As a person about to enter an MA Journalism program, I worry about all this to some extent. Even though I know how to get an easy story that way, I also know there a thousands more stories to tell that don’t get told. I often wonder if there is room in the current “news” paradigm to tell the stories I see everyday in Brooklyn.

  • Claude B.

    Take the NYT for example. Do you know how a page is designed ? An art director puts the page together with Quark or In design. Then he prints the page. Then he gives the printed page to a “paginator”. Not the digital file… too simple, the piece of paper. Then the paginator builds the page again based on the design. Then the art director seats next to the paginator to correct the page. So to make it simple, they build the page twice… and that for, if I remember well, the entire newspaper. Of course, NYT it is not the only one in this situation.

  • Read The Guardian’s 1% Rule article.

    It’s an emerging rule of thumb that suggests that if you get a group of 100 people online then one will create content, 10 will “interact” with it (commenting or offering improvements) and the other 89 will just view it.

    I think it applies to journalists as well. In sales they have the 80/20 rule, collaborative news sites have lower entry barriers so the percentage of contributers is smaller but the fact remains. I’d rather a news organization hire a few brilliant writers (maybe even former bloggers) than a bunch of mediocre Russian cinema experts.

  • Think of the kids…?

    Raises an interesting question:

    So the news industry is in a state of oversupply. And the smart publisher would do well to cut redundant newsroom jobs in favor of “citizens … join[ing] in networked reporting at a local, local, local level.” For the sake of argument, let’s say you’re right on those points, Jeff. I’m interested to hear about the possible implications that has for journalism education.

    In other words, if the smart publisher moves toward the distributed newsroom that relies on citizen journalists, does the smart j-school dean give up the pretense that his program is providing a “professional” degree?

    I believe you’re on faculty at CUNY’s new j-school. Are you preparing your students to be citizen journalists or professional journalists? An MA would seem unnecessary for the former and useless if the latter are going the way of the dinosaurs.

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  • Marcy Burstiner

    I disagree that there are too many professional journalists. The problem is that too many journalists cover the same stories — thousands descending on Michael Jackson’s trial, for example. I’ve questioned for a long time the accepted assumption that competition is always good; in my experience, whenever I’ve worked on a paper where I had competition, my editors had me chasing stories that I wouldn’t have chased had we not feared the competition would have it first. Without competition, I was free to follow the stories I felt needed to be reported. And whenever the pack went one way, I felt I should go in the opposite direction. Why cover something if someone else can do it as good or better? But that attitude penalized me — those who were not only willing to go with the pack, but push ahead to the front of it were more highly valued on the news team.
    The other problem is that there does seem to be an oversupply of mediocre journalists and a shortage of really good ones, but I blame a system that rewards speed and quantity over quality and intelligent discourse.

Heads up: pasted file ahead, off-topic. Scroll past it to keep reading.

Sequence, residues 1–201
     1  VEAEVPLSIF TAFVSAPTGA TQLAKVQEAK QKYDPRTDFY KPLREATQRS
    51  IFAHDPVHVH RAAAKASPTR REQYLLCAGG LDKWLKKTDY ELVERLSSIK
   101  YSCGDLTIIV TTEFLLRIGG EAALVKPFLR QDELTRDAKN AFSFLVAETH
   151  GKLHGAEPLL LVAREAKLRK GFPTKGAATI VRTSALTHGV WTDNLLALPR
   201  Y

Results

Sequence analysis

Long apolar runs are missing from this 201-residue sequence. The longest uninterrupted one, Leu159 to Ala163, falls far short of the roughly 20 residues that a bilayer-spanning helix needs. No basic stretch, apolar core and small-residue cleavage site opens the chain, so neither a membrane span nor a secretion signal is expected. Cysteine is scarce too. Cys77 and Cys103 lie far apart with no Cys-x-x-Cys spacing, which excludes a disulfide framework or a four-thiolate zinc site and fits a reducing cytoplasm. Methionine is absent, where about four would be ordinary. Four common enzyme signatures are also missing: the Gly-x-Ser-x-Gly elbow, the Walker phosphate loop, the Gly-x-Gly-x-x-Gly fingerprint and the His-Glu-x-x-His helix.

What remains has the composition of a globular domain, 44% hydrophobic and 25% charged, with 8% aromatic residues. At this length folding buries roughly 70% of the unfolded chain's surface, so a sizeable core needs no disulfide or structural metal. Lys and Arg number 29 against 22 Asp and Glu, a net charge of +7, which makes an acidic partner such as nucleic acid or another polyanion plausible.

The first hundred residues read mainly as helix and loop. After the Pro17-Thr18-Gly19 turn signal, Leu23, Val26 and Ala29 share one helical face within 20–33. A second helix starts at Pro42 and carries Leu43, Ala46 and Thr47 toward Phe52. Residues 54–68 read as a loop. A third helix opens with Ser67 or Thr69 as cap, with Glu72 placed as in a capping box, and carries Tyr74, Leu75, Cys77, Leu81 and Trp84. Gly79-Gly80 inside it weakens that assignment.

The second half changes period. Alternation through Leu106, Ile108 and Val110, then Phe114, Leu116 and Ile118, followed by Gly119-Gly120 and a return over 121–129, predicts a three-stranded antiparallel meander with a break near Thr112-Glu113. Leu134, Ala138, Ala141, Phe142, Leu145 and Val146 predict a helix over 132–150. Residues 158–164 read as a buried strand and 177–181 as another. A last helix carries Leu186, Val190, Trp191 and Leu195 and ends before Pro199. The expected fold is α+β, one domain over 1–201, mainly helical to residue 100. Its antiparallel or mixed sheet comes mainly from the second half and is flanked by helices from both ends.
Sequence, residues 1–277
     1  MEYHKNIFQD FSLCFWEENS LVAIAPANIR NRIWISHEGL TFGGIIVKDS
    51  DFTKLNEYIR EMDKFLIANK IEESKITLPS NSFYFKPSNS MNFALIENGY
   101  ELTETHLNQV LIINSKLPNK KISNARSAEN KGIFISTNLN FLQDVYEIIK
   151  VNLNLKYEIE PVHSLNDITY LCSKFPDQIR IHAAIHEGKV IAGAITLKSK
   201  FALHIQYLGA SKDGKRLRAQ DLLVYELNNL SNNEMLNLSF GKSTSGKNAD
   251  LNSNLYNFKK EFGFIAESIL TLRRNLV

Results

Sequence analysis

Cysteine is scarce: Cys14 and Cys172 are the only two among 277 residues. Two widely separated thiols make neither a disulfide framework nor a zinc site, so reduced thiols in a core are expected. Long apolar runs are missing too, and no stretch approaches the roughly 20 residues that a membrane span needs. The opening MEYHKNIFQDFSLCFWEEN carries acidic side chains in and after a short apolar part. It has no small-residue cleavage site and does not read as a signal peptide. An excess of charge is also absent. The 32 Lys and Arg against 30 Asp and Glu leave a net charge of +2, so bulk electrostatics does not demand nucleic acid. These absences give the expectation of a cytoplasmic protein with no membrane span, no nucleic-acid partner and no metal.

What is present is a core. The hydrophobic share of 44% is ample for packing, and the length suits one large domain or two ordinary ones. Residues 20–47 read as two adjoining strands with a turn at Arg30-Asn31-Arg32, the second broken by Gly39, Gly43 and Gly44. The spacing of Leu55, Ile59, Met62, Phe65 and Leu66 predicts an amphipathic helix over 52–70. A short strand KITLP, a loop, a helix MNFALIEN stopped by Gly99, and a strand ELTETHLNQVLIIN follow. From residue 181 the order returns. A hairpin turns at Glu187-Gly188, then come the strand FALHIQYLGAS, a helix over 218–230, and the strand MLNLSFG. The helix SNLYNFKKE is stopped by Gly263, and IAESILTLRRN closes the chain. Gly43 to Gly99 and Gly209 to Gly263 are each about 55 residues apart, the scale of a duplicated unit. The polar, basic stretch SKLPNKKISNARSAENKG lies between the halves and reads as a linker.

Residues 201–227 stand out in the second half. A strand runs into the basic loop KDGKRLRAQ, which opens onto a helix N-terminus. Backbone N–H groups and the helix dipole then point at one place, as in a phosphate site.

Marcy Burstiner

  • I agree with Marcy. To say that journalists are used for the wrong purpose is very different from saying there are too many journalists. In fact, many great stories in every community go uncovered for lack of resources.

  • Bob Denmore

    I don’t know where this idea of over-staffing came from. But the major Australian newspaper I work for has already cut its journalistic staff to the bone. And those that are left are contantly required to up their workloads – producing stories for ever-increasing sections and specials.

    So from my perspective the problem isn’t too many journalists, the problem is spreading the existing staff too thinly. With news now commoditised, media companies are turning into word factories staffed by worker bees who never leave the office.

    Teams of McKinsey consultants have been parading through newsrooms for the past decade, producing reports which advocate productivity improvements, multi-skilling and telephone journalism.

    Jeff Jarvis is getting it all about face. Sure, the foreign bureaux and over-paid anchor people are an extravagance. But he needs to look beyond those ego-driven extras to what actually happens on the newsroom floor at the less glamourous end of the industry.

    Advertising managers need to fill space. And the most efficient way to do that is with lazy, press kit rewrites, opinion columnists and syndicated material. Copy editors and beat reporters and news editors are chained to the desk, spewing forth millions of words for all these supplements.

    In the meantime, the ‘truth’ is out there unreported.

    Don’t blame the poor working journos. Blame the capitalists!

  • greeneyeshade

    Jeff keeps asking why every newspaper has to have a movie critic when movies aren’t local. I’d have thought the answer was obvious: This isn’t 50 journalists covering a courthouse news conference that one pool reporter could handle, this is a case where the more points of view, the better. Why depend on the New York Times, Newsweek or Entertainment Weekly?

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  • We sure do we waste the energy of journalists (writers, camera men and photographers) covering “news”, like the royal baby. This coupled with the prospect of citizen (unpaid of course) journalists makes the whole situation woefully pathetic. I wonder what the author of this article thinks today exactly 7 years later?